Summer Reading- The Lost Man by Jane Harper

Jane’s story revolves around several generations of a farming family. The main characters are the three adult sons, but their parents and children are also an important part of the novel. It is concerned with the death of one of the sons, and the attempt to understand what was happening for each of the characters, to provide some understanding of their reaction to the recent events, and move towards clarity about the circumstances of the death.


This novel is set out in the desert country around Cooper Pedy. I have not yet travelled to that area, but I have no doubt that having read this book, I would recognize it instantly. The colours, the dust, the rocks and the heat-the ferocious sun, the craggy rocky outcrops, the vast open spaces stretching to the horizon, the odd oasis of green surrounding a homestead. Not only can I see in my mind the look of the landscape, I can feel the dust and the grit, the weight of the sun as it waxes towards the middle of the day, and wanes towards dusk.


Despite being a murder mystery set in unforgiving landscape, this is a gentle book. It begins with family relationships between father and son, and between brothers, that are warm and supportive. The story unfolds to show cracks in these relationships and back stories that reveal the long term consequences of life in the outback including divorce, isolation, depression, difficulties in communication, and competition amongst siblings for farming rights and relationship opportunities. These issues are revealed slowly, unpacked in a very creative way to expose the more human aspects of life in difficult circumstances, as well as the darker side that often accompanies these issues.


Jane Harper’s story involves characters who are not what they appear at first impression, or even when they have become reasonably well known. The judgments made of these people and their relationships from the outside, are often based on incomplete information and assumptions, and do not do them justice. Jane shows that these judgments can be very harsh and have far reaching consequences.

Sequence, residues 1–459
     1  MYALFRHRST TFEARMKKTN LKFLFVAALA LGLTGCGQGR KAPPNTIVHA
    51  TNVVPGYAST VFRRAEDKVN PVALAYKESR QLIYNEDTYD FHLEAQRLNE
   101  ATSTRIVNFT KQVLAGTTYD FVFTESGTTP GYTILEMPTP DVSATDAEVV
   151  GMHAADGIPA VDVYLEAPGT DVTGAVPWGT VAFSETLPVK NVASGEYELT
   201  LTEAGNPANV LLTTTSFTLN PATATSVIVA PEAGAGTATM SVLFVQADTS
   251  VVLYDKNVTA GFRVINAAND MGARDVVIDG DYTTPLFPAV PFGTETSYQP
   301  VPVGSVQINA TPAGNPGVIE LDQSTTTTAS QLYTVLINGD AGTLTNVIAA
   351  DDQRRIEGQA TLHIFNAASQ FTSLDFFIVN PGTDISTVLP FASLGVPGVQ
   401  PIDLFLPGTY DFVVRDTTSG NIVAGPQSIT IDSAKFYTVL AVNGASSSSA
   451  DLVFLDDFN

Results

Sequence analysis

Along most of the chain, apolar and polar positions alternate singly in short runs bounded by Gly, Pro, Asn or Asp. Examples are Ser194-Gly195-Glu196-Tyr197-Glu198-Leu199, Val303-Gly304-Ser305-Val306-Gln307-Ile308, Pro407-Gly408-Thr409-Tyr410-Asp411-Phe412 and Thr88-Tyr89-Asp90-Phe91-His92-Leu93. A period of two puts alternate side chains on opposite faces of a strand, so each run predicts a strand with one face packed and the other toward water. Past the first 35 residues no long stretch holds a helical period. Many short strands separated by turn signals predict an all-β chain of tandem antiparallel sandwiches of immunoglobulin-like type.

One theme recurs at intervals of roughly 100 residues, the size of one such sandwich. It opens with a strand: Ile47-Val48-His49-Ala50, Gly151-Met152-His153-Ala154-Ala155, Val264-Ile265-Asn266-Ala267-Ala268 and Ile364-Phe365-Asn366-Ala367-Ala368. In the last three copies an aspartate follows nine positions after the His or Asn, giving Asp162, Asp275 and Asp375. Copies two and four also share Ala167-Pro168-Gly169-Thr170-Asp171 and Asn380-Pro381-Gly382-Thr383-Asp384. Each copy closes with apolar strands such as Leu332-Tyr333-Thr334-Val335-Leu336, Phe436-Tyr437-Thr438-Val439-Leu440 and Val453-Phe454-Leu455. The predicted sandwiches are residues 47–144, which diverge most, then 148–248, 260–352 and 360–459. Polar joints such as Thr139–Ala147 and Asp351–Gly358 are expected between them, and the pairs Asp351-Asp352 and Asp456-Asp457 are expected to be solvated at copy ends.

Jane explores the difficulties of a fragile relationship between father and son following a bitter separation, and shows great insight into the perspectives of both parent and child in this setting. As understanding of this relationship develops, it changes and evolves into a more robust and supportive one. A very nice example of how even in very bitter separations, there can be hope for a more meaningful connection in the future.


It is the unpacking of the family dynamics that was the highlight for me. Gaining real insights into how cruel a small community can be, how difficult it can be to cope with isolation and depression when your nearest neighbour is hours away, and the constant challenge of responding to the harsh Australian climate. The characters were not always likeable, but they seemed real and I could imagine meeting them in an outback Australian pub!


The strength of this novel, and one of the main reasons that I felt I wanted to encourage others to read it, came from Jane’s treatment of family violence. This aspect of the story was always hovering beyond the horizon, and evolved slowly but steadily with such force that it took me by surprise. The insights reflect a good understanding of these issues, particularly the intergenerational aspects, and lead me to reread parts that were particularly powerful! A great illustration that even where this issue has been identified, it can be extremely difficult to avoid, and almost impossible to escape from!.


I found this a very compelling story. The description of the surroundings, the development of the characters, and the unfolding of the twists and turns in the story. This is a book that is definitely well worth reading. I would give it 4 ½ stars.

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